By Philipp C. Bleek
Concluding that the "advantages of the test ban treaty outweigh any disadvantages" and calling for bipartisan efforts to forge an "integrated proliferation strategy for the new century," General John Shalikashvili formally presented his report on the Comprehensive Test Ban Treaty (CTBT) to President Bill Clinton on January 5. (See p. 18 for the full text of the report.)
In the report, Shalikashvili, a former chairman of the Joint Chiefs of Staff, identifies what he deems the most "prominent" concerns raised during the Senate's October 1999 debate on treaty ratification. These include whether the CTBT has "genuine non-proliferation value," whether "cheating" could threaten U.S. security, whether the United States can maintain the safety and reliability of its nuclear deterrent without nuclear testing, and whether to adopt a test ban of unlimited duration.
Shalikashvili puts forward a series of detailed recommendations that include increasing bipartisan and allied support for non-proliferation, enhancing U.S. capabilities to detect and deter nuclear testing and "other aspects of nuclear proliferation," improving stewardship of U.S. nuclear weapons, and addressing concerns about the treaty's indefinite duration through a joint executive-legislative review 10 years after the treaty's ratification and at "regular intervals thereafter." The last recommendation would "go farthest toward addressing concerns about the Treaty's indefinite duration," according to Shalikashivili.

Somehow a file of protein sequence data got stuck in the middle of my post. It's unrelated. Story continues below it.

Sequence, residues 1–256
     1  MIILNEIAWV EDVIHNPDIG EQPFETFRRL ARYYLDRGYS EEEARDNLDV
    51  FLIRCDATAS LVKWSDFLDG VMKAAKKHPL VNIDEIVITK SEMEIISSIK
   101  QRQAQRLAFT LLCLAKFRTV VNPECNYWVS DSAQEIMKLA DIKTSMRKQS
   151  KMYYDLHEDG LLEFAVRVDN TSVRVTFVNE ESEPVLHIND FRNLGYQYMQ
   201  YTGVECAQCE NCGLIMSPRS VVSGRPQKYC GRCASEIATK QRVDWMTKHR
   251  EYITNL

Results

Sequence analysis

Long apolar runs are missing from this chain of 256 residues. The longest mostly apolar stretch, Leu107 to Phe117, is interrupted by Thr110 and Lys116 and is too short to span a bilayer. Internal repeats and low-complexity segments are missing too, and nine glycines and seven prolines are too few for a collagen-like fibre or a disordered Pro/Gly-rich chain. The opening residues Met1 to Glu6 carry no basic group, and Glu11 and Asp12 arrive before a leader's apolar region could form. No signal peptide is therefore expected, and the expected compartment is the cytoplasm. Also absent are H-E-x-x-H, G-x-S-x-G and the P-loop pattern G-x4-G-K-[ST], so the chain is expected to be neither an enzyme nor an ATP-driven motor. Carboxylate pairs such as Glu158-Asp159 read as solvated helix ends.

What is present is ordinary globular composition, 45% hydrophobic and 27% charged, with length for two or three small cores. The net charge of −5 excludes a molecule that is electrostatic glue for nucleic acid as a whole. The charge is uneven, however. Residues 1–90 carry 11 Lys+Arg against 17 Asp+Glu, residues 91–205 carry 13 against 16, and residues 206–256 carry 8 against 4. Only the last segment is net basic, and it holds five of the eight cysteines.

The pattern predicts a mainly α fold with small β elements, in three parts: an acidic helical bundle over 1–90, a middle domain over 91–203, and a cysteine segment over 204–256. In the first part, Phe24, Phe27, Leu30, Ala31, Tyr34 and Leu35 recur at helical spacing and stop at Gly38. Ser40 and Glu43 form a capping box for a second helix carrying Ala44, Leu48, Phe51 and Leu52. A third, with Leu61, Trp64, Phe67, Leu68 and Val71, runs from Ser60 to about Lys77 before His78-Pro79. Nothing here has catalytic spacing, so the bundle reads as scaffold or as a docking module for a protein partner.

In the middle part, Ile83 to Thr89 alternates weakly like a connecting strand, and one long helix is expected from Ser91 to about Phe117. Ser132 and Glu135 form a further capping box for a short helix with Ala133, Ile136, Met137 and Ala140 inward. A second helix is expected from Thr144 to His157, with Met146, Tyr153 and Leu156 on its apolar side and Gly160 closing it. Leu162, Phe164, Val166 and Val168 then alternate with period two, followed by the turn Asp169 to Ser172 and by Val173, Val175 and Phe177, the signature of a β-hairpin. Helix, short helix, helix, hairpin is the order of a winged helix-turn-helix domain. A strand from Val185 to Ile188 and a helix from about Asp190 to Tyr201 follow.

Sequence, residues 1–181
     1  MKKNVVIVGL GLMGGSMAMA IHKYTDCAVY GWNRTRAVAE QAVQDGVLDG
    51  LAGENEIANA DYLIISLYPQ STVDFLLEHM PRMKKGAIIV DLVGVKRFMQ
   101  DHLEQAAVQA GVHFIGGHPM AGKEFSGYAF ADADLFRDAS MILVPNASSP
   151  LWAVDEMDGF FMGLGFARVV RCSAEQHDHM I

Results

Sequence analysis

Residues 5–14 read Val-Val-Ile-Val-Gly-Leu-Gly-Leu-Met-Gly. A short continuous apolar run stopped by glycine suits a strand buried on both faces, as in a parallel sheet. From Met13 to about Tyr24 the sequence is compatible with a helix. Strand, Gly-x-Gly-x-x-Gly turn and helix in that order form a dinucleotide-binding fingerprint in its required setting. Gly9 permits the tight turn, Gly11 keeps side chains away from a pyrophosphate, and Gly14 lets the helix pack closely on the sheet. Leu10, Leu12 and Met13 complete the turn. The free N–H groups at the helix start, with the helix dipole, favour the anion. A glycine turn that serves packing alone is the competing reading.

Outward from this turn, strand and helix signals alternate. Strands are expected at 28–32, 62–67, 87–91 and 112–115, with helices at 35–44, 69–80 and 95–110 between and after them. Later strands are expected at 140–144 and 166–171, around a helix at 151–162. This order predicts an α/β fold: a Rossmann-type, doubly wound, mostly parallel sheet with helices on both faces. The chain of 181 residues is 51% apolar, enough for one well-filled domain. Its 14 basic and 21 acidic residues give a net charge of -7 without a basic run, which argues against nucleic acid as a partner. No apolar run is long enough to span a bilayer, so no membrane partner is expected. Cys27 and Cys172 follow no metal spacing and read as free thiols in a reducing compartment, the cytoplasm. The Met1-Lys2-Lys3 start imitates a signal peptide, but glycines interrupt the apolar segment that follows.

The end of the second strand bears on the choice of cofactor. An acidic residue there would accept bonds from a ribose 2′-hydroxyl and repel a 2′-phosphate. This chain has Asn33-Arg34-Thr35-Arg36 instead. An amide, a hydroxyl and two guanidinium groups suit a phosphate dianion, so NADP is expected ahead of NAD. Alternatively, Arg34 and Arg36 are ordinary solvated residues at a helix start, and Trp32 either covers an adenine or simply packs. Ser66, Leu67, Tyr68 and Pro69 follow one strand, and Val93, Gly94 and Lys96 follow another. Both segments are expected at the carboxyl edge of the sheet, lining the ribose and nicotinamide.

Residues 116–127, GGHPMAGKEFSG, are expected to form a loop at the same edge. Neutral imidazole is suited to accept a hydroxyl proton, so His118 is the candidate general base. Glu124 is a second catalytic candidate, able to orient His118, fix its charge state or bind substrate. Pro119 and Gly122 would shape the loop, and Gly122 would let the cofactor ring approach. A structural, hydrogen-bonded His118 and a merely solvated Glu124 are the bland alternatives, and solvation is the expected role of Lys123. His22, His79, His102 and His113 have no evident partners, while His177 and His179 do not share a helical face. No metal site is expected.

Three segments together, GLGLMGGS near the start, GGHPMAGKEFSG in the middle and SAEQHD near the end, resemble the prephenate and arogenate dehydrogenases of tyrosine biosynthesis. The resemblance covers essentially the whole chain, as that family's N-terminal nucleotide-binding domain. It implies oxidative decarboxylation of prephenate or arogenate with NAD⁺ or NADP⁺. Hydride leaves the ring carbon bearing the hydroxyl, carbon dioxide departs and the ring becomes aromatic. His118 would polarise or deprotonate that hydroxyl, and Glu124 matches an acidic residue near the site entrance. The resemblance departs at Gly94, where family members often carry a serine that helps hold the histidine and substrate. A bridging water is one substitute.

Shalikashvili also uses the report to make treaty-related remarks on U.S. military policy, observing that it would not be in the United States' security interest to assign a "high profile role" to nuclear weapons in the U.S. military posture. "Any activities that erode the firebreak between nuclear and conventional weapons or that encourage the use of nuclear weapons for purposes that are not strategic and deterrent in nature would undermine the advantage that we derive from overwhelming conventional superiority," the general notes.
The report's publication effectively concludes Shalikashvili's tenure as special adviser on the Comprehensive Test Ban Treaty. President Bill Clinton and Secretary of State Madeleine Albright requested in January 2000 that the general undertake a year-long effort to explore concerns about and build bipartisan support for eventual ratification of the test ban, which the Senate rejected in a largely party-line vote in October 1999. (See ACT, September/October 1999 and January/February 2000.)
President-elect George W. Bush has said he opposes CTBT ratification, though he has pledged to continue the testing moratorium begun under his father, former President George Bush. Bush's nominee for secretary of state, General Colin Powell, has previously spoken in favor of the agreement, while Condoleezza Rice, his choice for national security adviser, and Donald Rumsfeld, his nominee for defense secretary, do not support the treaty.